AMETRINE

This transparent quartz has colors of both amethyst and citrine, and is called ametrine or amethyst-citrine.

OVERVIEW

Whether projecting from pegmatite walls or encrusting cavities in volcanic rock, quartz abounds worldwide. People have used quartz in jewelry for thousands of years. When quartz displays the colors of amethyst and citrine in a single gem, the material is called ametrine or amethyst-citrine. Ametrine’s only commercial source is the Anahi mine in Bolivia.

Transparent, bicolored quartz with the colors of both amethyst and citrine in the same gem is called ametrine or amethyst-citrine. The contrasting colors give it an intriguing appearance.

Fine ametrine shows medium dark to moderately strong orange, and vivid to strong purple or violetish purple. Larger gems, usually those over 5 carats, tend to show the most intensely saturated hues. Dealers look for an attractive half-and-half distribution of each color, with a sharp boundary between the two colors at the center of the fashioned gemstone.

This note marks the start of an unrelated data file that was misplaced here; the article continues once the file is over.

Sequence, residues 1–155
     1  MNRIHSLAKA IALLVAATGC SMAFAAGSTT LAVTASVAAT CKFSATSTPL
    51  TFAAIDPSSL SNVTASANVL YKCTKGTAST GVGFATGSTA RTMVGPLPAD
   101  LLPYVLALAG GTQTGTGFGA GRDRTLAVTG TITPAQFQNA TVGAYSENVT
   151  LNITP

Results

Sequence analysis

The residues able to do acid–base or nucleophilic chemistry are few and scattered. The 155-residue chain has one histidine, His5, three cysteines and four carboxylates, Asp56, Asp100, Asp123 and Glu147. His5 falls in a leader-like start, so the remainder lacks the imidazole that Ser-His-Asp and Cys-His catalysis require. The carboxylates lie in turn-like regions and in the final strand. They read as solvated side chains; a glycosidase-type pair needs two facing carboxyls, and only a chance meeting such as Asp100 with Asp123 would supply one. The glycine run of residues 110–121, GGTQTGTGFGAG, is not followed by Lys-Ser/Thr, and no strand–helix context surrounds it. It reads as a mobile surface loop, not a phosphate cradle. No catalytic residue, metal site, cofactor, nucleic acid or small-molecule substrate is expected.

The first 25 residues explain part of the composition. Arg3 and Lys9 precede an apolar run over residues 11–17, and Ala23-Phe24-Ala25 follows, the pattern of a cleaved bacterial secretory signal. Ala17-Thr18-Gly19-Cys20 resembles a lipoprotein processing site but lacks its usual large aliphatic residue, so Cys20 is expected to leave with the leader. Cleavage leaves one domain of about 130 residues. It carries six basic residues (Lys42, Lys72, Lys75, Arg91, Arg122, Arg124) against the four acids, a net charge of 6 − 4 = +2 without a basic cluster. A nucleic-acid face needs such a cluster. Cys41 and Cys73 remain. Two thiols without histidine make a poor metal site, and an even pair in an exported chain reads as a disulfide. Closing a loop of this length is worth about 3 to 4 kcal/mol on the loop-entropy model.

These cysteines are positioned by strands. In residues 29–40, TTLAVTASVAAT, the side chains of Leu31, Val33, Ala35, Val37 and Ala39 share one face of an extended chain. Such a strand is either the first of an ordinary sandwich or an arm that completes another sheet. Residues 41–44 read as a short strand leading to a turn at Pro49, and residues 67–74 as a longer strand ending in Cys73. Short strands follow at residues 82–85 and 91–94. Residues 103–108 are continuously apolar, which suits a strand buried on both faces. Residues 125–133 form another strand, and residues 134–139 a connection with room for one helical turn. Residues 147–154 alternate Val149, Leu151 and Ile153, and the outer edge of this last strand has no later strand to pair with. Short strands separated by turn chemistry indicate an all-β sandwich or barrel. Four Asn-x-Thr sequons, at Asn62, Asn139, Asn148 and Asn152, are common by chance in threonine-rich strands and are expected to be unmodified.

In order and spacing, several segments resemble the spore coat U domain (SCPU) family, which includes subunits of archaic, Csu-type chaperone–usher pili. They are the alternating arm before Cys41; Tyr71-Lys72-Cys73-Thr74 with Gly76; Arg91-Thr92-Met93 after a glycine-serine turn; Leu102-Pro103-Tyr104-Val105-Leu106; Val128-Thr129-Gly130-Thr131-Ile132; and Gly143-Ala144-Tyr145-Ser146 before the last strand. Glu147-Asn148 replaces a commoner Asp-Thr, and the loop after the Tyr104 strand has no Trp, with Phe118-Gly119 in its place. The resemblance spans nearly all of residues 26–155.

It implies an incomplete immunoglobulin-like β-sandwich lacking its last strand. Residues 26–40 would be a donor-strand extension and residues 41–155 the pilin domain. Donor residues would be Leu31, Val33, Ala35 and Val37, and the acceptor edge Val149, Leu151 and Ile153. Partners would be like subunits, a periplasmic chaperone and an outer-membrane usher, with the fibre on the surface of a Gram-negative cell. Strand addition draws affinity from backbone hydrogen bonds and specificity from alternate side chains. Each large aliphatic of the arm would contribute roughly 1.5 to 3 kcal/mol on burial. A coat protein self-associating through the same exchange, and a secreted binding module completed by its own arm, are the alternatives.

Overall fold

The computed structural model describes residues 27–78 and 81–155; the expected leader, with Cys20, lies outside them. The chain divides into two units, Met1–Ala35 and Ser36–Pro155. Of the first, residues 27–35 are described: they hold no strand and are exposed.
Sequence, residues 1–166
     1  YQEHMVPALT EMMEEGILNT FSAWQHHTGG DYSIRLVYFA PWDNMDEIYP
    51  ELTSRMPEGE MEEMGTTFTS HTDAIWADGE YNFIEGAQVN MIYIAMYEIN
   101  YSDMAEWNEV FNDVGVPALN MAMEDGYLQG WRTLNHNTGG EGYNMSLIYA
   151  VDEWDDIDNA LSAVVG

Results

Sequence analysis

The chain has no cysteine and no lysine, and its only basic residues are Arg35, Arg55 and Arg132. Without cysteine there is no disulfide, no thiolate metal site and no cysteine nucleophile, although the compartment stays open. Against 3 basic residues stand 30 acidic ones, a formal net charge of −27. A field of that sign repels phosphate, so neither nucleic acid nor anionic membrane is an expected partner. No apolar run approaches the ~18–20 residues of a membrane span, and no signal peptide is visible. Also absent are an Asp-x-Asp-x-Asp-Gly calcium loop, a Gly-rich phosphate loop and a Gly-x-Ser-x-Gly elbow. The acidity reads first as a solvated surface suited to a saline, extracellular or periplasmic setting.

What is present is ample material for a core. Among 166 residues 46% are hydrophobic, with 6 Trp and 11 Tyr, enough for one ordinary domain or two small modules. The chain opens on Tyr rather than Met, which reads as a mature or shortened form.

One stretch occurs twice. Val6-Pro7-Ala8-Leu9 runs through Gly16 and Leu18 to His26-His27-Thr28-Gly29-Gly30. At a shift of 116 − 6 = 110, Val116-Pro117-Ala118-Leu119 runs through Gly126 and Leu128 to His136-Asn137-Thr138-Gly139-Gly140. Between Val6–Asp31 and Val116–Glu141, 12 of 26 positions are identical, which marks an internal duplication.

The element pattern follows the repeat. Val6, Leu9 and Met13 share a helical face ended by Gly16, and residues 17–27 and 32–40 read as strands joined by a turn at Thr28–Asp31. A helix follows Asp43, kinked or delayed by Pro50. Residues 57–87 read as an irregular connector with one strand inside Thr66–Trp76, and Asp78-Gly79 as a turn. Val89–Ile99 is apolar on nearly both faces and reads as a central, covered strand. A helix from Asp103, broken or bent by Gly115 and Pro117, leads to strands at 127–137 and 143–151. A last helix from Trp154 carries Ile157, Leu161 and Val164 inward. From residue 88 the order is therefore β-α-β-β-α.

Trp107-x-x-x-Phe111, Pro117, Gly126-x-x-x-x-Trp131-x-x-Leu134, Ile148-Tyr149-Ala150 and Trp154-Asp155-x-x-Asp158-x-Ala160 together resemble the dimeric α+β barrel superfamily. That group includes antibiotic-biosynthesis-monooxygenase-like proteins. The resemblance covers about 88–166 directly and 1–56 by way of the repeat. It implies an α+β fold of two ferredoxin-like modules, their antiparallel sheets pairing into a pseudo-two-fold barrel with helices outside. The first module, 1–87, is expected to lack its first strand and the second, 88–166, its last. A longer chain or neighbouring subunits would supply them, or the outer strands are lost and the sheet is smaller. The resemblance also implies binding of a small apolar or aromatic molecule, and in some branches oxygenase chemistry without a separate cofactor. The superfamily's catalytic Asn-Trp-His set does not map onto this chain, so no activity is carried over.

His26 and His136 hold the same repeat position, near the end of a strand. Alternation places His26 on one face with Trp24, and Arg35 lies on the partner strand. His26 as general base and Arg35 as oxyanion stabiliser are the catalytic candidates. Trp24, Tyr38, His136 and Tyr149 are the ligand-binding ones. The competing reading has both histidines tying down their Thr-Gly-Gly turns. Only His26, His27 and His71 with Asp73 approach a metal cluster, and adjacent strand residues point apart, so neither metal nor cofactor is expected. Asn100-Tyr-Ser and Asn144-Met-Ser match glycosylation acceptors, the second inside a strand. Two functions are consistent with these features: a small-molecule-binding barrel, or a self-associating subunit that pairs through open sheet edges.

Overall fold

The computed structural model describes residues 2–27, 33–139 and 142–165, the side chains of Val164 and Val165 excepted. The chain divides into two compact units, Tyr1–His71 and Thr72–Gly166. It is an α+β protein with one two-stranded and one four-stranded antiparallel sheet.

Ametrine is often cut as a rectangular step cut because that style nicely displays the bicolor effect. Cutters try to emphasize both colors equally.

HISTORY

The world’s only commercial source of ametrine is the Anahi mine in southeastern Bolivia. Legend has it that a Spanish conquistador discovered the mine’s location in the 1600s and introduced the gem to Europeans when he presented several specimens to his queen. The mine had been given to him as a dowry when he married a native princess named Anahi. After that, the mine was lost for more than three centuries. Rediscovered in the 1960s, the mine’s ametrine began appearing on the market again during the 1970s. Today the mine, named Anahi for the legendary princess, also produces natural amethyst and citrine.

The mine area is remote. Travel to and from the mine is limited to a flight in a small airplane or by a combination of roads and boats. Some supplies and personnel travel to and from the mine by air. Supplies and mine production move by boat. It’s not hard to imagine why the mine’s location was lost for centuries.

BIRTHSTONE

AMETRINE isn’t a birthstone.

FACT SHEET

Mineral: Quartz
Chemical composition: SiO2
Color: Bicolor orange/yellow and purple
Refractive index: 1.544 to 1.553
Specific gravity: 2.66 (+0.03/-0.02)
Mohs hardness: 7

Source of Content : www.gia.edu